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Task: Understanding Life Insurance

This article on personal planning is provided by Everplans — The web's leading resource for planning and organizing your life. Create, store and share important documents that your loved ones might need. Find out more about Everplans »

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An overview of how Life Insurance works, why you might need it, and how to get it.

The concept of Life Insurance is simple: You buy a policy and pay the monthly or annual fees on time (a.k.a. premiums). If you die, the insurance company pays your family, or whoever you named as the beneficiaries, the amount of money specified in the policy.

This the type of policy the majority of people need, but there are also policies that allow you to access the money while you’re still alive, but let’s keep it simple by starting with the two main types you can buy:

Term Insurance covers you for a set amount of time. If you have a 20-year plan, keep up-to-date on payments, and cease to be living within those 20 years, your beneficiaries get the money. The premium can vary dramatically depending on age, health, and family history, but the standard cost for a $500,000 policy is around $50-$70 a month for 20 years.

Whole Life Insurance (a.k.a. Permanent or Universal) never expires. It’s more expensive than Term but it lasts forever. How expensive varies since they’re customized to the person being covered, but industry averages suggest upwards of 10-times a Term policy. Unlike Term, you still have the option to access the money while you’re alive, either by investing it in the stock market or taking some out as a cash loan.

Now that you understand the basics, do you need it? If you’re the main source of financial support for your household, yes. This becomes even more important if you have kids, dependents, or care for an adult with special needs. To gauge how much you need be realistic and ask yourself the following questions:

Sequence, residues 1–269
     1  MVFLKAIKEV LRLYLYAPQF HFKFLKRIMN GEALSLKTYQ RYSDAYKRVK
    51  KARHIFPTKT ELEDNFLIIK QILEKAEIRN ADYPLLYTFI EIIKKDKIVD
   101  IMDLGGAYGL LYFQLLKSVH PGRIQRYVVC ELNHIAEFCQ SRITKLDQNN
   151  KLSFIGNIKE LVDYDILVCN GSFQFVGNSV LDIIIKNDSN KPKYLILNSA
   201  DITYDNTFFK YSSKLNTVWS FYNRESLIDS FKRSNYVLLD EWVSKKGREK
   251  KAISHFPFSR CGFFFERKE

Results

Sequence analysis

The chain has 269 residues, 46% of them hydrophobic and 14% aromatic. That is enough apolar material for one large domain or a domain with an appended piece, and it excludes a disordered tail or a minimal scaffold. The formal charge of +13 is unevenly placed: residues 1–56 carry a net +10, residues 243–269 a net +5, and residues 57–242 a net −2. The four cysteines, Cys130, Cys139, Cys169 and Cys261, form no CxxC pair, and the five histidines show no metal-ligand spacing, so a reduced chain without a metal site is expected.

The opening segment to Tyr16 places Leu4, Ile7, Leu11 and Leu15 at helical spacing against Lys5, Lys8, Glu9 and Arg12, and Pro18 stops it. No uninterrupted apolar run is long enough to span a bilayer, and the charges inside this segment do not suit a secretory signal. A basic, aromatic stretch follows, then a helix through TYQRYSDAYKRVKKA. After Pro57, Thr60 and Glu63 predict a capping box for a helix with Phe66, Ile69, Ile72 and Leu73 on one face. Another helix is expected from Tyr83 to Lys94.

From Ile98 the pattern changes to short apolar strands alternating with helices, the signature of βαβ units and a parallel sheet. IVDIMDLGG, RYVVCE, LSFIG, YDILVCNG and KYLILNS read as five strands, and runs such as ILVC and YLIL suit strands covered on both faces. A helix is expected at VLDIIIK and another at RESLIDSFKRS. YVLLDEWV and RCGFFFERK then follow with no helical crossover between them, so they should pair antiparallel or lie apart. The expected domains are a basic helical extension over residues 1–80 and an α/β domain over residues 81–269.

• If your family has no money coming in, how long could they continue to live in the style they are used to?
  • If you have ongoing expenses, such as a mortgage or college tuition, how long could your family make those payments?
  • You may have some coverage as a workplace benefit, but is it enough? It usually isn’t and if you change or lose your job, that coverage disappears.

Take a moment to think about how much you spend. The money you have, your debt situation, house payments, car payments, utilities and bills, and other expenses. Once you complete the tasks surrounding your bills and debts, you can begin to determine how much insurance you should buy.

How To Get It

We’re not gonna lie: Getting Life Insurance is a process, sometimes it can take upward of three months, which has only been made more difficult by the COVID-19 pandemic. In-person meetings, medical tests, and an approval process that was once standard might be affected, the same way every aspect of our lives have been affected. We’re all in the same boat, but now that we’re taking stock of how uncertain life can be, it doesn’t hurt to get the process started. The task below will help you get started.

If you already have Life Insurance, here are the details to share:

  • The name of the insurance provider, which can be included in your contacts
  • The name and contact info for your agent (if applicable)
  • Where you keep the policy, which includes online portals that should be included in your passwords.
  • The account or policy number (if applicable)
  • Name of primary and contingent beneficiaries or dependents (if applicable)
  • Type of policy, such as Term or Whole-Life
  • Start and end date if it’s Term
  • Tips for your family would need to file a claim

The Task

Go online and start getting some quotes. Start with companies you’ve heard of over the years from friends, family or associates, or use a site like PolicyGenius.com, which aggregates options that might be right for you.

Once you find a policy you think might work, take it to the next level and start talking with a licensed agent, whose job is to help you understand how much insurance you need in terms you can easily understand. We don’t expect you to have a policy in place by the end of the day, but putting it on your radar and taking steps toward making it a reality can make a huge difference for your family in the long run.

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